If you have not already done so, arrange your layers in the following stacking order (from top to bottom):
9. Mask Bottle
Select all your layers and make your Bottle Selection active. Then just mask out the background to make it transparent! How easy is that!? You can also clear the background or Ctrl-J your selected bottle to its own layer. The choice is really yours.
10. Apply Adjustments
Even though you have different exposures for each part of your bottle, you will still probably need to make adjustments to each layer in order to make them 'just right.' But the effort you will need to put into this process should be minimal because of the little extra time you took in the prior steps.
The first adjustment is to adjust the levels
If necessary, you can make a curves adjustment. But if you used a gray card and allowed Camera Raw to nail your white balance, a curves adjustment probably will not be necessary. Yet, Curves can be very helpful if you want to adjust the colors and contrast if you might want to add some extra emphasis to your labels.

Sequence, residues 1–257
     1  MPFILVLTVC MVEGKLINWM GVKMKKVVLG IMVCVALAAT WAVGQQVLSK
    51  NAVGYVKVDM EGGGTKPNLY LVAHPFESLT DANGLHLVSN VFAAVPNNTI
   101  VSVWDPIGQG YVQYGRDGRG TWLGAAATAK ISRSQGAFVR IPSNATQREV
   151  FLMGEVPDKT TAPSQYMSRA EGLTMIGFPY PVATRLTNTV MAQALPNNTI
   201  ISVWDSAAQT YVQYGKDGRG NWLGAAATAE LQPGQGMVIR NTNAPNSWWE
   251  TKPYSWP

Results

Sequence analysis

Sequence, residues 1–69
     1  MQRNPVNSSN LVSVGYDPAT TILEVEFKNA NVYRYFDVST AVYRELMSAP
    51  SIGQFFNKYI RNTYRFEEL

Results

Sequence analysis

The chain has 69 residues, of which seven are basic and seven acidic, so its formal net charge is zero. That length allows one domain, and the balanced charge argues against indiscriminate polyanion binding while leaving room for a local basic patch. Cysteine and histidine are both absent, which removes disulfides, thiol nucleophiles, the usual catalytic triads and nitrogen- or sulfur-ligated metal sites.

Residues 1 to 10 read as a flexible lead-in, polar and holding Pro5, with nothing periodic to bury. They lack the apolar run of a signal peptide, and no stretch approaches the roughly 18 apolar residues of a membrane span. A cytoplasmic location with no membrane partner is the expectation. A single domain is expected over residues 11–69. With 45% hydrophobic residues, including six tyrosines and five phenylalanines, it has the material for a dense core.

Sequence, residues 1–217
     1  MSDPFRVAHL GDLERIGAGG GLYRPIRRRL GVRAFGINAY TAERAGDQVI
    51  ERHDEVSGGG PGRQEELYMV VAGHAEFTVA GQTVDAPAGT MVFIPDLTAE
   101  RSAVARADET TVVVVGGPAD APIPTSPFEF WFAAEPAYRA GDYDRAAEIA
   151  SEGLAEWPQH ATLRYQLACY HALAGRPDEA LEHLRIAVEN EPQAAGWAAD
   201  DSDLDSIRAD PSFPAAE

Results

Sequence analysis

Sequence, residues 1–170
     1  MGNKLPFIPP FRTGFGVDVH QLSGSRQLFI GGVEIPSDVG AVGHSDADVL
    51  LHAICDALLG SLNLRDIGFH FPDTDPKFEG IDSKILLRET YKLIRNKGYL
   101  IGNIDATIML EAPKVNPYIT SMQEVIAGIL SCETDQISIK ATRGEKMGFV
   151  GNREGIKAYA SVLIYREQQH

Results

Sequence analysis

10.3 Brightness/Exposure & Other Adjustments
Sometimes other adjustments may be necessary if you want to adjust the exposure or change the color of the glass, etc. These will be dictated by the needs of each job.
11. Clean Glass
No matter how hard you try to clean your bottle before snapping your photos, there will almost always be some dust left on the glass.
TIP: a Levels adjustment can be an easy way to remove dust from your glass.
There are a number of tools that can remove dust, strange highlights and reflections that show up in your glass. Of course the most common are Photoshop's Clone and Healing Brush tools.
A list of things to check for on the glass layer include:
- Bright Spots / Hot Spot reflections
- Strange color reflections (many time these appear around the bottom (punt) of the bottle)
- Bottle seams
- Ullage /empty space (if you want to bottle to look full)
- Production print molded into the bottle glass (normally at the base)
12. Sharpen Label
It is always a good idea to add a little sharpening to your label layer as it will add contrast to the edge of the print which will make it look in better focus. But you will probably not want to sharpen the glass or cap layers as the process can add unwanted 'noise' to the image.